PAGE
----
- Apex Publications Acquires Shock Totem Book Line
- The Head, the Tail, the Whole Damn Thing: Musings on Jaws, Part 8
- The Head, the Tail, the Whole Damn Thing: Musings on Jaws, Part 7
- The Head, the Tail, the Whole Damn Thing: Musings on Jaws, Part 6
- The Head, the Tail, the Whole Damn Thing: Musings on Jaws, Part 5
- The Head, the Tail, the Whole Damn Thing: Musings on Jaws, Part 4
- The Head, the Tail, the Whole Damn Thing: Musings on Jaws, Part 3
- The Head, the Tail, the Whole Damn Thing: Musings on Jaws, Part 2
- The Head, the Tail, the Whole Damn Thing: Musings on Jaws, Part 1
- Splatterpunk #7
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Tag Archives: Gary Fry
As we enter 2012, let’s take a quick look back at some of our favorite things (that we could actually remember) from 2011.
Skullbelly, by Ronald Malfi
Bear in a Muddy Tutu, by Cole Alpaugh
“Map of Seventeen,” by Christopher Barzak
Animosity, by James Newman
Full Dark, No Stars, by Stephen King
The Zombie Feed, Vol. 1, Edited by Jason Sizemore
FAVORITE MAINSTREAM NOVEL/NOVELLA/NOVELETTE:
Mrs. Peregrin’s Home for Peculiar Children, by Ransom Riggs
There Is No Year, by Blake Butler
11/22/63, by Stephen King
Tie between Treachery in Death and New York to Dallas, by J.D. Robb
Transformers: Dark of the Moon
The brilliant work of Darrell Schweitzer
Gemmy Butterfly Collection™
The Memphis Morticians
The Parlor Mob
Lie to Me
Dystopia, by Iced Earth
Bad as Me, by Tom Waits
Thirteen, by http://www.megadeth.com
Unfortunately, for various reasons, we couldn’t all give picks for certain categories. I didn’t read a single novel last year that actually came out in 2011, for instance. So no Novel pick from me. Sarah didn’t read any small-press novels/novellas/novelettes that came out in 2011, so no pick from her.
And the old gray matter just failed us on other things. Which of course means right after this goes live the answers will become clear…
Anyway, as you can see, we have varied tastes that extend well beyond horror. Check out some of our picks; you’ll probably discover something great.
When my mate, Simon Marshall-Jones, mentioned he was launching a small-press venture, I must admit I was hesitant to start with the unmitigated support. Face it, there is no shortage of small-press outfits and it is a tough thing to do and succeed at. He then told me of his idea to do limited-edition chapbooks—a little voice mumbled in my ear, “He may be doomed,” but then that little voice is a pessimistic fucker. So I said only supportive things. Simon plugged and pimped his wine-drinking, cheese-eating ass off for weeks and when the debut chappy from Spectral Press dropped in February, I got one. What They Hear in the Dark, by Gary McMahon, was that lucky 1 of 100, but the truly lucky are the ones who actually got to read it.
I tore through What They Hear in the Dark in a half an hour—which is a perfect chapbook, if you ask me. I will start by saying that this is a sharp-looking booklet. Nice artwork and wonderfully done. It has a nice collectible feel. And then we get to the actual story: A superb tale about a haunting, a couple buying an old house to renovate and work through a personal tragedy only to find themselves haunted by emotions heavy and horrifying. McMahon’s descriptions of the emotions at work here are fantastic. I am eager to check out more of his work and extremely anxious to see what is next from Spectral Press.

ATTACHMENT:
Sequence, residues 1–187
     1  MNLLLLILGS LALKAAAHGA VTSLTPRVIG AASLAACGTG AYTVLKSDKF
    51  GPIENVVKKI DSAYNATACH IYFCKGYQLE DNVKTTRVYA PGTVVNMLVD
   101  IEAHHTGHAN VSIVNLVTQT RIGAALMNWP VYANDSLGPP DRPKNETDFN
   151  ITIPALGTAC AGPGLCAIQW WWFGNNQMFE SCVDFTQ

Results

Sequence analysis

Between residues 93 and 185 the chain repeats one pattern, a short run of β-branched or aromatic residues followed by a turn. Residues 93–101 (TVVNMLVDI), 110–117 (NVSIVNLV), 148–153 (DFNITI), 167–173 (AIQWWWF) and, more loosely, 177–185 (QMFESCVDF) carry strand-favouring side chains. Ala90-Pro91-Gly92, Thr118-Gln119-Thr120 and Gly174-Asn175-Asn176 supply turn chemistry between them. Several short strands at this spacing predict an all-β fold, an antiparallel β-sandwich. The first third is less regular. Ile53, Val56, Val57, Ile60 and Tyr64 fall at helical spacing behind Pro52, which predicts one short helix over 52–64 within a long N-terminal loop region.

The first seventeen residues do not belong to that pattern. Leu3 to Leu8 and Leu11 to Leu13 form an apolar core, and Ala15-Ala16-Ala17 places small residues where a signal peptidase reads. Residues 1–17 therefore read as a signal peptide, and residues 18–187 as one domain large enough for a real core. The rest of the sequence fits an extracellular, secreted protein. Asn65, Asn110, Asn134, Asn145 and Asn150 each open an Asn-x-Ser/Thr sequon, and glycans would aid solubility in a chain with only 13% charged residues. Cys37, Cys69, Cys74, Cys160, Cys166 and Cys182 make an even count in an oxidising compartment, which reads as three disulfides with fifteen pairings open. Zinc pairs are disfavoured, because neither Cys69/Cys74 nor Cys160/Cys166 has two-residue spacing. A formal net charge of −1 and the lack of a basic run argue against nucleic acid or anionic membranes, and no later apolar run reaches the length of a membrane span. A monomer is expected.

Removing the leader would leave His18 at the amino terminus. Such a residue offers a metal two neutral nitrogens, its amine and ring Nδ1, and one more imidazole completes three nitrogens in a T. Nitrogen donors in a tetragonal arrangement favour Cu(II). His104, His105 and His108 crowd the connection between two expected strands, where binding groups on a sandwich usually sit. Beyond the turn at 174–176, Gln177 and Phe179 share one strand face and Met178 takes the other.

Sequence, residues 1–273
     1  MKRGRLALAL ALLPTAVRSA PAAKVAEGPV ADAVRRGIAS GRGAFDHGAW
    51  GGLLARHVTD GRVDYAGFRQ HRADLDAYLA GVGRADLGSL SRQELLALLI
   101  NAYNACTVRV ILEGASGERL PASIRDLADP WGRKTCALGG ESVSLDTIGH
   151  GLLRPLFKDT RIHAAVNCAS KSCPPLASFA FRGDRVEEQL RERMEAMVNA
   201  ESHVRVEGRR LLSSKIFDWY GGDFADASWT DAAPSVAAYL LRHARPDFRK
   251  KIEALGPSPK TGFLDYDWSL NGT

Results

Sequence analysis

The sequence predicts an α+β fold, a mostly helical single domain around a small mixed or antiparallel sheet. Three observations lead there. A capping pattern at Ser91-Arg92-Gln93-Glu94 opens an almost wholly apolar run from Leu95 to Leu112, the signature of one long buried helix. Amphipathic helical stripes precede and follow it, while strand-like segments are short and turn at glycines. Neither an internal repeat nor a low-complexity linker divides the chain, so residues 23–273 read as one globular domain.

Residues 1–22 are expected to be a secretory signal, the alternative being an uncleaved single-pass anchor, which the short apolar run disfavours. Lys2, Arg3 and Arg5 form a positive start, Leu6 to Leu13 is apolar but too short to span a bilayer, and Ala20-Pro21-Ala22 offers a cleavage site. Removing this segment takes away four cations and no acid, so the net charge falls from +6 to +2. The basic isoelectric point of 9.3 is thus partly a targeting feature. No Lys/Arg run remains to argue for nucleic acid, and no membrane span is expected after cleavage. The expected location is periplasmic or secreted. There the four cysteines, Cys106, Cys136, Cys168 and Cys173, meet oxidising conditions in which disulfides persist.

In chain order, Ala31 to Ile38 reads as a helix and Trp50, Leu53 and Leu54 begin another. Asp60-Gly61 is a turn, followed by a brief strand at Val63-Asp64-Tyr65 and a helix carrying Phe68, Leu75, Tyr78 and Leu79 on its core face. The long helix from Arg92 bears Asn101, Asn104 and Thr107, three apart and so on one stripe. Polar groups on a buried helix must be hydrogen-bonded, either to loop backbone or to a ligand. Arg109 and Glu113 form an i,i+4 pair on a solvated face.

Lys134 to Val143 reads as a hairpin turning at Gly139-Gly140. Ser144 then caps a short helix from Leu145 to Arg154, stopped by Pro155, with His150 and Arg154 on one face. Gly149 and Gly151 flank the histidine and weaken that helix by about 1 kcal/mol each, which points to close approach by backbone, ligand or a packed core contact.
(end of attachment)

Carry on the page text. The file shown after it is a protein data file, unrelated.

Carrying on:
I wrote the above short review for my blog a few months back, and as I just received and read the second offering from Spectral Press, Gary Fry’s Abolisher of Roses, I decided to combine the two into one piece.
I am very close to saying I liked this one more than the first chapbook, but they aren’t quite the same sort of story, so that would be wholly unfair. Fry’s story relies just as heavily on emotion as McMahon’s, but it’s handled differently. Both have strong characters and settings and the attention to detail is exquisite.
Abolisher of Roses tells the story of Peter, husband and not really that great a fellow, and his wife Patricia. The simple synopsis would be to say, this is a “fish out of water” story, as Patrick is taken out of his comfort zone and into an element he is completely unsure of. His wife has gotten into the local art scene and seems to be dragging him along and he is out of sorts about it. She goads him into attending an exhibit where her work will be on display and he agrees, but once there, and once scoping out the “art trail,” things take a dark turn. He encounters his inner feelings and odd occurrences. The ending is haunting and fantastic.
I told Simon upon finishing this, that it was like an unholy episode of Night Gallery, if it had been directed by Clive Barker. And that is mighty high praise, as is the fact that both of these authors, Fry and McMahon, are now on my “must seek out and read more from” list. I can say with all honesty, I cannot wait to see what Spectral Press puts out next. I’m certainly a fan.